Have you ever wondered how much your treasures – whether inherited or purchased at a flea market - might be worth?  In this two-hour class, we’ll discuss six factors that make something worth more,  or less.  Class participants are urged to bring along an object for review applying your newfound knowledge.
     
    Steven Wayne Yvaska has been a collector since he was nine years old.  Originally from  Boston, Yvaska completed both his undergraduate and graduate degrees at Syracuse.  Since the mid-1970’s, Yvaska has been a speaker and lecturer at historical societies, study groups, museums, antiques clubs, libraries, colleges and universities.  He presents programs on topics as varied as silver, American art pottery, Halloween memorabilia, World Fair souvenirs,  pre-1920 postcards, English ceramics and more.  Steve may be best known for his long-running column “The Seasoned Collector,” which appears exclusively in the San Jose Mercury News and most Media News Group publications. His articles and stories have been reprinted in newsletters, journals, and bulletins.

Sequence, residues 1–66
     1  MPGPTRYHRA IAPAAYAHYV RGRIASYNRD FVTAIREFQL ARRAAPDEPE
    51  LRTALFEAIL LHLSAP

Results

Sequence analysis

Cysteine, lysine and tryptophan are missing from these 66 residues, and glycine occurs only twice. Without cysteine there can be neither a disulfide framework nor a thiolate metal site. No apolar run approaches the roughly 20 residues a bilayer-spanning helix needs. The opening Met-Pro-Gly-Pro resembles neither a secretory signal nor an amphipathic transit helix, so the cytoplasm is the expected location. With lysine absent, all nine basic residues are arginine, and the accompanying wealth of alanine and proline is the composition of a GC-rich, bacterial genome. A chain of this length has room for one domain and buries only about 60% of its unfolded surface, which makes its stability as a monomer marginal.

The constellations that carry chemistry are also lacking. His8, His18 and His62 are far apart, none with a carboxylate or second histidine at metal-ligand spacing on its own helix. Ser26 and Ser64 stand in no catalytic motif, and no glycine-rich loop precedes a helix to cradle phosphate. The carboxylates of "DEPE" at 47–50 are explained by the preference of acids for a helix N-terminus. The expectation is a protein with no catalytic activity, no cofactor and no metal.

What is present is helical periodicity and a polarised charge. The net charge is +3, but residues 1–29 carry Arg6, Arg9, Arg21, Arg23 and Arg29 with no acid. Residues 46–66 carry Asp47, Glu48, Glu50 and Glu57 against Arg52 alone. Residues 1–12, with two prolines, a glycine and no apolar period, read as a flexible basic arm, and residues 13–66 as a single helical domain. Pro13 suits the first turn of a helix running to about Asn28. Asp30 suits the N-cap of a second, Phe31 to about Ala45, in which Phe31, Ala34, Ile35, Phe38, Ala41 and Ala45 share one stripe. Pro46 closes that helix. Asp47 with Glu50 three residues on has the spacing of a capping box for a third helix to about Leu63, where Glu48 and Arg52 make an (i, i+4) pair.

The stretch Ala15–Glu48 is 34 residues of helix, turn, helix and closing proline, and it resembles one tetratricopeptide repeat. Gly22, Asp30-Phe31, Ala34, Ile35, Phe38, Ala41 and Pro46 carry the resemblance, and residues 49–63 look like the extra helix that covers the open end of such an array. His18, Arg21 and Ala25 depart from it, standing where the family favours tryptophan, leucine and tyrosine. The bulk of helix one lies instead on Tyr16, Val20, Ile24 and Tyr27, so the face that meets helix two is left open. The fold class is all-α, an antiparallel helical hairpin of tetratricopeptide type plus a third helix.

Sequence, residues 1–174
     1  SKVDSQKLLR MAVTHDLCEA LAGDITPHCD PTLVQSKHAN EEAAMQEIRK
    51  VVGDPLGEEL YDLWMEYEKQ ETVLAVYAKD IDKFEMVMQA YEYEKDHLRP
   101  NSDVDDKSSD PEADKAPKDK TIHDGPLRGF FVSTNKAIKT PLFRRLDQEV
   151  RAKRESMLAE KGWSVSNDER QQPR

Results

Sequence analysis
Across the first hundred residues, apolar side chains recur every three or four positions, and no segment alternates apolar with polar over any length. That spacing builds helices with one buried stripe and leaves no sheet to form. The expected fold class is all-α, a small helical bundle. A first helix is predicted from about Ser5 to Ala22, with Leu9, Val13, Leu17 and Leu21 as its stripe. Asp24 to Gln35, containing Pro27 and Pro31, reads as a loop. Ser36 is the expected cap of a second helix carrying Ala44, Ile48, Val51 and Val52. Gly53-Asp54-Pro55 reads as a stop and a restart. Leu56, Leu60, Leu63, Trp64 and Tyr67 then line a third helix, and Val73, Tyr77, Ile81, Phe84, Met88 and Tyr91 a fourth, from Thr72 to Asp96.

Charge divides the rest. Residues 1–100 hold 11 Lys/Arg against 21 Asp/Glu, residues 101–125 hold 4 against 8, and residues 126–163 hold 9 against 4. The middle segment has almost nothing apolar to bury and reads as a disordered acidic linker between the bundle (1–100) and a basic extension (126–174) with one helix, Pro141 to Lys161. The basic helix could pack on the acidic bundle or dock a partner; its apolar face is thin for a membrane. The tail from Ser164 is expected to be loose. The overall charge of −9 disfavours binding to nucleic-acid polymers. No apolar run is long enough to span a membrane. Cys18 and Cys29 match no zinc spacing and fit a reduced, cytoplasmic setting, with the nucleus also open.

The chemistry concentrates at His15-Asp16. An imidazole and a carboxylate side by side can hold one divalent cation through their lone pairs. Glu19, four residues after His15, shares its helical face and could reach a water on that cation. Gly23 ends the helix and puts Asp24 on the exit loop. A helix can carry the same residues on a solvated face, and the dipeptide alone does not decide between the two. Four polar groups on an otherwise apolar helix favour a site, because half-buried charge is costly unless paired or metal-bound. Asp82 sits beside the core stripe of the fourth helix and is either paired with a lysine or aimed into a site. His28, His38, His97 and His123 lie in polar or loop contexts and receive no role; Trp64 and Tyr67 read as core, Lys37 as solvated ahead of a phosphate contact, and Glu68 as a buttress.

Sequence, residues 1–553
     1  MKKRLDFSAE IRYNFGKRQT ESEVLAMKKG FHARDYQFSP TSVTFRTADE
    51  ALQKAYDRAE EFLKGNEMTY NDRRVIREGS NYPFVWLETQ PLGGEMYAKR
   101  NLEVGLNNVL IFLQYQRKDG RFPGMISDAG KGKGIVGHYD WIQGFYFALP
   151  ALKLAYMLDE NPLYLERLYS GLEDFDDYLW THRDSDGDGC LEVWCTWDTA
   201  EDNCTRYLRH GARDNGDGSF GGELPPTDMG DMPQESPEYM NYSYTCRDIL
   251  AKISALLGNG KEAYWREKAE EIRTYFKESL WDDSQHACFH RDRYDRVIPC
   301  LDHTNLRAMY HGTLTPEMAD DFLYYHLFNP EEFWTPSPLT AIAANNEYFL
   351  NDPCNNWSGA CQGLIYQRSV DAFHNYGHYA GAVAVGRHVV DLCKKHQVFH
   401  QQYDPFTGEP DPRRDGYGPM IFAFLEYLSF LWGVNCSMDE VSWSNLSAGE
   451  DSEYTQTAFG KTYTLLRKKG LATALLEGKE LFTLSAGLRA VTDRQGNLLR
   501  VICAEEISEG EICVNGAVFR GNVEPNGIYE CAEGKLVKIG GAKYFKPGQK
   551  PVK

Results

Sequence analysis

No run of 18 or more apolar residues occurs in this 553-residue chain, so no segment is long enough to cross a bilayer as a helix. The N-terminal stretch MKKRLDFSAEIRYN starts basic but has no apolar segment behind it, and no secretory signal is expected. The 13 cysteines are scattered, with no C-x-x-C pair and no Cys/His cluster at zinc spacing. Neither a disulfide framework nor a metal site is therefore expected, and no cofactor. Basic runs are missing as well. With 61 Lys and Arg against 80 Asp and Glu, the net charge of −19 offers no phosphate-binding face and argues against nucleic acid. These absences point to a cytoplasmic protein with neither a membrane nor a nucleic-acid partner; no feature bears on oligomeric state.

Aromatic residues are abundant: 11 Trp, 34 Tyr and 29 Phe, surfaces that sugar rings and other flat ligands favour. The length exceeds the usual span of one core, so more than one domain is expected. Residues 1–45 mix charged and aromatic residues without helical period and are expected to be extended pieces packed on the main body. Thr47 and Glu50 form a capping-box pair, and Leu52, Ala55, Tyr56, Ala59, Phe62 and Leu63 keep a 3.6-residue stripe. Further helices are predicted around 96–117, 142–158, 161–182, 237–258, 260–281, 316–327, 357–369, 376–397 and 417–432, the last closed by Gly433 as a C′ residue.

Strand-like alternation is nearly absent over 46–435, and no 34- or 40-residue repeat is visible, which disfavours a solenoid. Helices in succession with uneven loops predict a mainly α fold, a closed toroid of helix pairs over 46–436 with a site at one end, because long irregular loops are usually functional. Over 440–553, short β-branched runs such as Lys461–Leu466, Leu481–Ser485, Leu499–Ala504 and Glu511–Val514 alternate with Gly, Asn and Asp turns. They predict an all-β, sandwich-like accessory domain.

Cost: 40.00
Difficult Dialogue: Being LGBTA and Catholic
  • Wednesday, Mar 4, 2015 from 6:00 PM to 8:00 PM

    Benson 21
    6:00 - 8:00 PM

    Focus on self-reflection in a safe space to engage in difficult dialogue as it relates to various aspects of our identities - race, ethnicity, gender, sexual identity, class, etc. All are welcome to join, listen and learn with an open mind and an open heart.


    Cost: Free
    Location: Benson Center
Difficult Dialogue: Managing Mental Illness
  • Thursday, Feb 26, 2015 from 6:00 PM to 8:00 PM

    Kennedy Commons
    6:00 - 8:00 PM

    Focus on self-reflection in a safe space to engage in difficult dialogue as it relates to various aspects of our identities - race, ethnicity, gender, sexual identity, class, etc. All are welcome to join, listen and learn with an open mind and an open heart.


    Cost: Free
    Location: Kennedy Mall, Commons at Kennedy Mall
Early Registration for Fall Semester 2015
East Bay Warriors Game
  • Wednesday, Mar 18, 2015 from 6:00 PM to 10:00 PM

    Come watch as the Warriors take on the Atlanta Hawks, two playoff teams from the year before. We will also be courtside for the pre-game shoot around warm ups.